Assign Static NAT IP Address Using CloudStack API

CloudStack provides APIs using which a public IP can be acquired and assigned to virtual machines. A CloudStack admin, domain admin or a user can use CloudMonkey CLI to do the following steps:

  1. First, use the associateIpAddress API Acquires and associates a public IP to an account
  2. Then use the enableStaticNat API to enable Static NAT for the given address

In the below example, 192.168.64.106 is being acquired and associated with the IP address 10.1.1.97.
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Shanker Balan

Shanker Balan is a devops and infrastructure freelancer with over 14 years of industry experience in large scale Internet systems. He is available for both short term and long term projects on contract. Please use the Contact Form for any enquiry.

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Securing CloudStack Management UI With Apache SSL

The CloudStack management server is a Java application which runs inside the Tomcat container. The default install configures the management Web UI service to listen on HTTP port 8080 on the primary interface.

It is a good practice to secure access to the CloudStack UI using SSL and can be done in more than one way…

  1. Enable SSL options in Tomcat container itself
  2. Use a reverse HTTP proxy server which supports SSL termination like Apache HTTP Server (with mod_proxy), Nginx or Apache Traffic Server

In this post, I will describe how to use the Apache HTTP server as a reverse proxy with SSL termination on CentOS.

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Shanker Balan

Shanker Balan is a devops and infrastructure freelancer with over 14 years of industry experience in large scale Internet systems. He is available for both short term and long term projects on contract. Please use the Contact Form for any enquiry.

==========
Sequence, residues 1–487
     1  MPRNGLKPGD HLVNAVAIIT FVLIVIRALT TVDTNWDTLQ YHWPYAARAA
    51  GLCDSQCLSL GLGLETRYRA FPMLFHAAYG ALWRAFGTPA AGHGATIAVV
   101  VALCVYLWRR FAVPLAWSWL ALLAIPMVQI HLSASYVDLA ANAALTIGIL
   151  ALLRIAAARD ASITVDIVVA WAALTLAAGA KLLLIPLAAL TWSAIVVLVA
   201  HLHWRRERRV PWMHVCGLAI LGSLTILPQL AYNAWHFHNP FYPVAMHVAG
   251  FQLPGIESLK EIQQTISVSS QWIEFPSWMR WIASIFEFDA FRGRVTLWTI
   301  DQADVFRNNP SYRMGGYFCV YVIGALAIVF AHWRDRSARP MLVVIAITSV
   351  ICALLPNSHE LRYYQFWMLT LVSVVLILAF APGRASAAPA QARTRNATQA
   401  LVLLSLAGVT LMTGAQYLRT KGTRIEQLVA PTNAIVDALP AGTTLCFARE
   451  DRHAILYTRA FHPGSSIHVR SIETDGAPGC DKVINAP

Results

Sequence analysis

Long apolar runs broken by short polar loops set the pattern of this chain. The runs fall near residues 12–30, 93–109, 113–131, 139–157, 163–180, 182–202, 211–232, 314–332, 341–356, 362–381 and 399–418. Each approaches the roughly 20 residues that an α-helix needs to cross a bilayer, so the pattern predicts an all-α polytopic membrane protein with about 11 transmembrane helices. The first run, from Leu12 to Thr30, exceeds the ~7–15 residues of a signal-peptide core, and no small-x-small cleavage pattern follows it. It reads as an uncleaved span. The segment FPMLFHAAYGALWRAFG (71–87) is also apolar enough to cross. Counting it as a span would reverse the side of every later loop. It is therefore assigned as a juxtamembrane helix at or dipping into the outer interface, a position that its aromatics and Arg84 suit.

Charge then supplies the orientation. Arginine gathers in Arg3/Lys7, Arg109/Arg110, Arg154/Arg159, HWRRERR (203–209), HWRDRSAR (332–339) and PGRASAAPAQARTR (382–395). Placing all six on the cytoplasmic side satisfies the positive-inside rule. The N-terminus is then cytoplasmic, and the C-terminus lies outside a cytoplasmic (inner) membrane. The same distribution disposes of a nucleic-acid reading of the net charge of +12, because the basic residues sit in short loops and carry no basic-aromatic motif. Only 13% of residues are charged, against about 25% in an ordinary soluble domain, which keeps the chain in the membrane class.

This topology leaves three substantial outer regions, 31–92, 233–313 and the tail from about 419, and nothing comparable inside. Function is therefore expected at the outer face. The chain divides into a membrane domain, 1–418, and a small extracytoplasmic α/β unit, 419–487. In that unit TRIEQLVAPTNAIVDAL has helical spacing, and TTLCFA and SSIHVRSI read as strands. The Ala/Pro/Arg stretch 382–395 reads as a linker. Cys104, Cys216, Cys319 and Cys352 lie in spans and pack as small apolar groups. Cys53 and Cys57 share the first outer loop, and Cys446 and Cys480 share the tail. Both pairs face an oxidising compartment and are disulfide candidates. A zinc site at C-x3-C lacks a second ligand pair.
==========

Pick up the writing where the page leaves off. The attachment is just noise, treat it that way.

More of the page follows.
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CloudStack Attach Volumes On Ubuntu Not Working on KVM

Adding new volumes to an Ubuntu Lucid guest instance running under KVM hypervisor seems to not work automatically. The newly attached device is visible to the Ubuntu guest OS only after a reboot.

To replicate the issue…

  1. Create a Ubuntu Lucid guest instance on KVMScreen Shot 2013-12-22 at 1.44.47 pm
  2. Create a new data diskScreen Shot 2013-12-22 at 1.46.25 pm
  3. Attach the new data disk to the Ubuntu guest OSScreen Shot 2013-12-22 at 1.47.35 pm
  4. Run fdisk -l /dev/vdb on the Ubuntu KVM Guest OS. No disks found
    shanu@ubuntu3:~$ sudo fdisk -l /dev/vdb|wc -l
    0
    
  5. Reboot and run fdisk again. Disk is now available as /dev/vdb
    shanu@ubuntu3:~$ sudo fdisk -l /dev/vdb
    
    Disk /dev/vdb: 5368 MB, 5368709120 bytes
    16 heads, 63 sectors/track, 10402 cylinders, total 10485760 sectors
    Units = sectors of 1 * 512 = 512 bytes
    Sector size (logical/physical): 512 bytes / 512 bytes
    I/O size (minimum/optimal): 512 bytes / 512 bytes
    Disk identifier: 0x00000000
    
    Disk /dev/vdb doesn't contain a valid partition table
    

The tests were performed on Apache CloudStack 4.2.0+CentOS 6.5 KVM hypervisor hosts and Ubuntu 12.04 Lucid as guest operating system.

The same steps work correctly on XenServer guest operating systems (tested on Ubuntu,Linux and FreeBSD) and CentOS guest on KVM. Since its working automatically without a reboot in CentOS/KVM, it didn’t seem to be a CloudStack issue per-se.

Continue reading CloudStack Attach Volumes On Ubuntu Not Working on KVM

Shanker Balan

Shanker Balan is a devops and infrastructure freelancer with over 14 years of industry experience in large scale Internet systems. He is available for both short term and long term projects on contract. Please use the Contact Form for any enquiry.

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